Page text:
It has emerged that, in 2015, Arsène Wenger cleverly turned down the chance to buy Virgil van Dijk for just £6m, fearing that the Dutchman’s arrival would kill Nacho Monreal’s blossoming centreback career.
Heading into his mid-thirties, Monreal is now on the cusp of completing his first whole season in his new position, proving Wenger was right to reject the 26-year-old specialist who recently signed for Liverpool for £75m.
But this isn’t the first time that Wenger has shown this sort of foresight.
In 2008, Wenger made the astute decision to stick with Denilson rather than pay an extra £3m to sign Xabi Alonso from Liverpool when the player was open to a move and Liverpool were open to selling.
Denilson, of course, went on to have a career that Alonso could only have dreamt of, racking up zero European trophies before finally sealing the move of a lifetime to Sao Paulo when he was still only 23.
Alonso, meanwhile, moved to Real Madrid where he had to be make do with a poverty haul consisting of one La Liga title, two Copa Del Reys, the Spanish supercup and, of course, the Champions League. He then moved to the relatively unknown German side, Bayern Munich, where he again struggled, winning just three leagues, an FA Cup and the German supercup in his three year spell in Bavaria.
Gareth Barry was another that Wenger could have been tempted into signing that summer. But the Frenchman stuck to his guns, saying at the time, “I have been criticised for not hiring Xabi Alonso or Gareth Barry. But if I signed them, I would have killed Song, Diaby and Denilson.”
While Barry was wasting his time winning the league and FA Cup with Manchester City as they turned English football on its head, Denilson’s crablike tendencies scuttled into Arsenal club legend. Alex’s Song’s illustrious career took him to Rubin Kazan, a side currently electrifying mid-table in the Russian league.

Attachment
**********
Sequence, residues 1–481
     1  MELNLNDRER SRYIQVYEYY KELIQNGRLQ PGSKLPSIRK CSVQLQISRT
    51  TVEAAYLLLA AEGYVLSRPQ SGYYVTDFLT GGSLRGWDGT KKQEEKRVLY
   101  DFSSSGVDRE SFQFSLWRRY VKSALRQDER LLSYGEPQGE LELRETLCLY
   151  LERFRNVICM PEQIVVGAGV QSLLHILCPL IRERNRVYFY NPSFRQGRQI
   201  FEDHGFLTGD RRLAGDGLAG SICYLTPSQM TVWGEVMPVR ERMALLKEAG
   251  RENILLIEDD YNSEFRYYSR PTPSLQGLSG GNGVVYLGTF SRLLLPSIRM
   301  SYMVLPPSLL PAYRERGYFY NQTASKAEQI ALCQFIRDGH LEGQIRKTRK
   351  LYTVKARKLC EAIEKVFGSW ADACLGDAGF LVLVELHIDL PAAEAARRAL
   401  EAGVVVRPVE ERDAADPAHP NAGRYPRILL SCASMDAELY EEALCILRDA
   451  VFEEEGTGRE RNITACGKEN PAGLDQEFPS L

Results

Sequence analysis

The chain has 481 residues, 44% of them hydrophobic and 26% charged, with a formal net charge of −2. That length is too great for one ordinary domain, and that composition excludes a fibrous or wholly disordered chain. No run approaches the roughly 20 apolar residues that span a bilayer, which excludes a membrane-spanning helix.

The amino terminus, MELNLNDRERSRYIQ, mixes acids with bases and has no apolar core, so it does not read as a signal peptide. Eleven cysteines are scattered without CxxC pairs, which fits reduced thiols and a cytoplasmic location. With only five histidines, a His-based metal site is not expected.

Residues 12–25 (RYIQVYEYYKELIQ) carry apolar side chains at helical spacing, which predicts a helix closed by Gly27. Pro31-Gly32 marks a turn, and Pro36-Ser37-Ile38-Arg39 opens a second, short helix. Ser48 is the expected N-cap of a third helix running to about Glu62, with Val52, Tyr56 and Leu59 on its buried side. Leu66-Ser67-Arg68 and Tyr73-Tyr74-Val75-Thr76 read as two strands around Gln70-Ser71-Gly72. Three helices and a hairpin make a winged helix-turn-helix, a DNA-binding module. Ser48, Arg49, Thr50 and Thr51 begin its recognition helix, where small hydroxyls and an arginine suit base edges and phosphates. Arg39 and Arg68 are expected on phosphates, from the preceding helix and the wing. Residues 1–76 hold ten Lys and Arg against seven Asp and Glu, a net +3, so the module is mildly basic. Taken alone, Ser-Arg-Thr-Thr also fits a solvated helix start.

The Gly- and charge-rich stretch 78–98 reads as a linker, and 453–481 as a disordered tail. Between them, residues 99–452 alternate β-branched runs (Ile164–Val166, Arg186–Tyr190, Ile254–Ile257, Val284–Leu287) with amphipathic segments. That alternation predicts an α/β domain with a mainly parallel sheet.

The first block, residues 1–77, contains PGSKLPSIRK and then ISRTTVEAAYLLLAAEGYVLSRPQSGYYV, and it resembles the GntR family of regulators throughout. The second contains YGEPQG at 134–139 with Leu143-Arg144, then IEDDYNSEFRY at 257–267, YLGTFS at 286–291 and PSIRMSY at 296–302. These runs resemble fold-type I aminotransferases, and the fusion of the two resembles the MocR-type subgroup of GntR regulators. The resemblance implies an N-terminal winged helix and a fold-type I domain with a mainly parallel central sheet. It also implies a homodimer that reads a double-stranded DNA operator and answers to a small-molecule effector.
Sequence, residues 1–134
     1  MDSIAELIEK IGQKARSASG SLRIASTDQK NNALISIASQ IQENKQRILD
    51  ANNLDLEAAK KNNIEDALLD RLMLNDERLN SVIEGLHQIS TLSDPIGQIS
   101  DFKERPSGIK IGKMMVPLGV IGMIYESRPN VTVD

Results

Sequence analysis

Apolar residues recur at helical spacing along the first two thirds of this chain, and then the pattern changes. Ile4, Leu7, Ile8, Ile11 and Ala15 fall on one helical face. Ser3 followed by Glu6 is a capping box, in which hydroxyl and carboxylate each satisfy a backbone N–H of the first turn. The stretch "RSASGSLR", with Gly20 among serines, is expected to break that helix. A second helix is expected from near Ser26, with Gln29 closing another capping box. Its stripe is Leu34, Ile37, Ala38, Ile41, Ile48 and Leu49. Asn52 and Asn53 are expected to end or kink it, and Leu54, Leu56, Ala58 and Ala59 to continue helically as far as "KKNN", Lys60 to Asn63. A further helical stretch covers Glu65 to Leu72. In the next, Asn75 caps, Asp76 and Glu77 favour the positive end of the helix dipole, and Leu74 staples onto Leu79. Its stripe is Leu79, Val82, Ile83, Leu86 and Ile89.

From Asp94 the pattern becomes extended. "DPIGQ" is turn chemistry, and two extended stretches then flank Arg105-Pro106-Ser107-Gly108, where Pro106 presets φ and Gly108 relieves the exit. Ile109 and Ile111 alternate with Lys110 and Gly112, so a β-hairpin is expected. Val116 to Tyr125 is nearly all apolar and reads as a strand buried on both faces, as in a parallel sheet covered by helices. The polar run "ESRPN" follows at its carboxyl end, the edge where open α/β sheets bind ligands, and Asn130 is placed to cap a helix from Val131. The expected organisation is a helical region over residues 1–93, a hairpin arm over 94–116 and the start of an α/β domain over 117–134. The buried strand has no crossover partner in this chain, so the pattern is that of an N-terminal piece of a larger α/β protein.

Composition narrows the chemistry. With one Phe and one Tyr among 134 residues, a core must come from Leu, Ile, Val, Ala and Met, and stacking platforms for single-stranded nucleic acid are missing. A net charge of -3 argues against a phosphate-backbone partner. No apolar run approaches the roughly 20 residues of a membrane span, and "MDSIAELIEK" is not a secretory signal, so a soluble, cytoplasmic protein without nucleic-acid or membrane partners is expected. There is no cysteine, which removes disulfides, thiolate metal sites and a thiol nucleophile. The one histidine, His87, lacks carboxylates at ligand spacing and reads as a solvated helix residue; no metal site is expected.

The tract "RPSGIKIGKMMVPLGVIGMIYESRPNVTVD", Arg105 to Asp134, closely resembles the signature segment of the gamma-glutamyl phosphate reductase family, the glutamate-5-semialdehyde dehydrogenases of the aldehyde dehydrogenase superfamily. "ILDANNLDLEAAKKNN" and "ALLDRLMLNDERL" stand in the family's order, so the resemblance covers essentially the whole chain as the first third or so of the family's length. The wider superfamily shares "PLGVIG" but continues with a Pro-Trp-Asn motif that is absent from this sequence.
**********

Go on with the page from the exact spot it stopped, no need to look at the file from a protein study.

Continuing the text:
Abou Diaby, meanwhile was such an exceptional human specimen that he didn’t even need to play football to continue being a part of Arsenal’s squad.
For most managers, those examples alone would prove sound judgment, but this doesn’t even scratch the surface of Wenger’s list.
Mark Schwarzer was allowed to remain at Fulham because they were demanding an obscene £5m when they knew all too well that Arsenal had no need for a keeper, such was the reliability of Manuel Almunia and Lukasz Fabianski.
Arsenal were willing to pay £2m for the Australian. They were so confident this price would eventually become acceptable to Fulham, that when it was rejected the first time Arsenal saw no need to improve on it and bid the same amount again.
In front of Arsenal’s imperious keepers, Wenger was offered the chance to purchase Gary Cahill in 2011, but Bolton cheekily believed him to be worth more than the £7m Arsenal were willing to pay. In the end, Wenger made the right call once again, opting to stick with Sebastien Squillaci, who played once in the league that season, defying critics who didn’t think he could play at all.
But Arsene Wenger’s genius is not confined to the defence. Up top, he was offered Didier Drogba for £100,000 when he was still at Le Mans. Drogba appeared to take the rejection personally, going on to score 13 goals in 15 games against Arsenal while at Chelsea.
Zlatan Ibrahimović, David Silva, Dele Alli, Cesc Fabregas (the second time), Dimitri Payet and Gareth Bale are all players Arsene Wenger rejected, while there are a host of others he scouted but refused to move for.
As Wenger often says during the transfer window, it is very hard to find players on the open market who improve on what you already have.
Given Arsenal finished fifth in the league last season, sit sixth this having conceded 20 goals while losing a quarter of their games, the Arsenal boss will once again struggle in January to improve his side.
When everything is going so perfectly, why would he want to risk upsetting that?